Computational Modeling and Prediction of the Complex Time-Dependent Phase Behavior of Lyotropic Liquid Crystals under in Meso Crystallization Conditions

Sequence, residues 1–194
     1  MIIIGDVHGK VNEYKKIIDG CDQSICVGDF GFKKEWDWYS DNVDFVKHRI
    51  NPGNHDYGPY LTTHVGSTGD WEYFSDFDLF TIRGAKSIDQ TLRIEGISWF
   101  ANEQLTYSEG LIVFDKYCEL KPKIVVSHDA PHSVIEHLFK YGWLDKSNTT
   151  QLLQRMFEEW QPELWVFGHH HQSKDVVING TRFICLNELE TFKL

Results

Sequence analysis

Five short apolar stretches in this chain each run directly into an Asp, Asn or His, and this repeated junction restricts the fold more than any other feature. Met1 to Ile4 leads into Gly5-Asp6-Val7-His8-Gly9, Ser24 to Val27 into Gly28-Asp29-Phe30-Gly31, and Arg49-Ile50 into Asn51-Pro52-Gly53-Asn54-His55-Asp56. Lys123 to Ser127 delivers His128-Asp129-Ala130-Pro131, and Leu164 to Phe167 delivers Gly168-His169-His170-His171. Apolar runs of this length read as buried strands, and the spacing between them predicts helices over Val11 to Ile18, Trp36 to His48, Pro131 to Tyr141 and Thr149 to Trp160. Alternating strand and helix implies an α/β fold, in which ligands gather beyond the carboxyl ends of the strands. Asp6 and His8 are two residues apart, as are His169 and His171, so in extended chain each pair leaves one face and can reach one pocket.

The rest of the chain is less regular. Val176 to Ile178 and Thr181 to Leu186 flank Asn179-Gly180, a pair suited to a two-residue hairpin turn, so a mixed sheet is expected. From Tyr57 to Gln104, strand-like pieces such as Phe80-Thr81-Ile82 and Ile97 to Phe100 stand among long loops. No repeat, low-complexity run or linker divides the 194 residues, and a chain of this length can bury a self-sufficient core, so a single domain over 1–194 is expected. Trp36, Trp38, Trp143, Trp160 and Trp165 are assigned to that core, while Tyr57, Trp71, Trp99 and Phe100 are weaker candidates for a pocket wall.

Membrane-bound proteins comprise a very important class of drug targets. Solution of their structures by X-ray crystallography has been hampered by difficulties in crystallizing them in biologically relevant conformations. Novel amphiphilic materials that form bicontinuous cubic phases are being used to support the growth of crystals. However the cubic phase may transit to other lipidic mesophase structures under the influence of the different components within the crystallization screen. Furthermore the mesophases may evolve with time, a process that is poorly understood but potentially critical for controlled crystal growth. Recent advances in high-throughput screening of lipid systems have allowed us to generate a large body of data on the influence of screen components on the cubic phase. However it has been difficult to deconvolute individual effects in the multicomponent system present during a crystallization trial. We have therefore developed robust and predictive computational models that predict how the phase behavior of lyotropic liquid crystals changes over time and under the influence of crystallization additives. Our work demonstrates that the complex phase behavior of amphiphilic nanostructured nanoparticles can be captured with high accuracy using modern, robust machine learning methods. We predicted the existence of individual nanophases with accuracies of 98?99% and the complex coexistence of multiple phases to a similar accuracy using nonlinear models: linear models were not as effective and robust. This approach also allowed us to determine which crystallization screen components were most relevant to the temporal evolution of individual mesophases.